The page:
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Future Oncol. 2013 Feb;9(2):193-206. doi: 10.2217/fon.12.178.

Management of gastrointestinal stromal tumors.

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  • 1University of Washington/Fred Hutchinson Cancer Research Center, 825 Eastlake Avenue E., G3630, Seattle, WA 98109-1023, USA.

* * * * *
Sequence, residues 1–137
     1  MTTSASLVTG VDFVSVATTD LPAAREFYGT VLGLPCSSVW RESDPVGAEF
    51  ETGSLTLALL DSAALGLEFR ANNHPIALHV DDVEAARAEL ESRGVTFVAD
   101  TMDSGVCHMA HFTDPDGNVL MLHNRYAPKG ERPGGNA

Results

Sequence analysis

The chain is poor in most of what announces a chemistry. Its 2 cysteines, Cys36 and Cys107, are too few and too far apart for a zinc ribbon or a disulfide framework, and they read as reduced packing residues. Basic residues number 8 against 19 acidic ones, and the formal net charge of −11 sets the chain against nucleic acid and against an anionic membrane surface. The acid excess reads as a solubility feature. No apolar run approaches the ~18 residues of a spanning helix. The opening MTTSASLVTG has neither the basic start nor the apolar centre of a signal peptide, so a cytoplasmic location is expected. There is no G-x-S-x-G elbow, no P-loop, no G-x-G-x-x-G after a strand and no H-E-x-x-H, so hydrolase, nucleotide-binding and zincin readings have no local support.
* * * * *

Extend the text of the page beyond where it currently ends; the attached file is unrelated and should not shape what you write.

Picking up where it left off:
Gastrointestinal stromal tumors (GISTs) comprise <1% of all gastrointestinal tumors, but are the most common mesenchymal tumors of the GI tract. This review highlights the dramatic changes in clinical practice with regards to GIST in the last decade, with a focus on overall management and recent developments. For localized primary GISTs, surgical resection is the mainstay of therapy with the 5-year survival rate after complete resection averaging approximately 50-65%. Factors such as tumor size, mitotic rate, tumor location, kinase mutational status and occurrence of tumor rupture have been extensively studied and proposed to be predictors of outcome. Adjuvant imatinib is proposed as an option for those patients with a substantial risk of relapse. Unresectable metastatic or recurrent GIST can be treated with imatinib, with a remarkable response rate (50-70%) and prolonged survival (median progression-free survival: 18-20 months; median overall survival: 51-57 months). Sunitinib is licensed as a second-line therapy following progression on imatinib. Other promising systemic therapies include regorafenib and agents targeting the PI3K/mTOR pathway.

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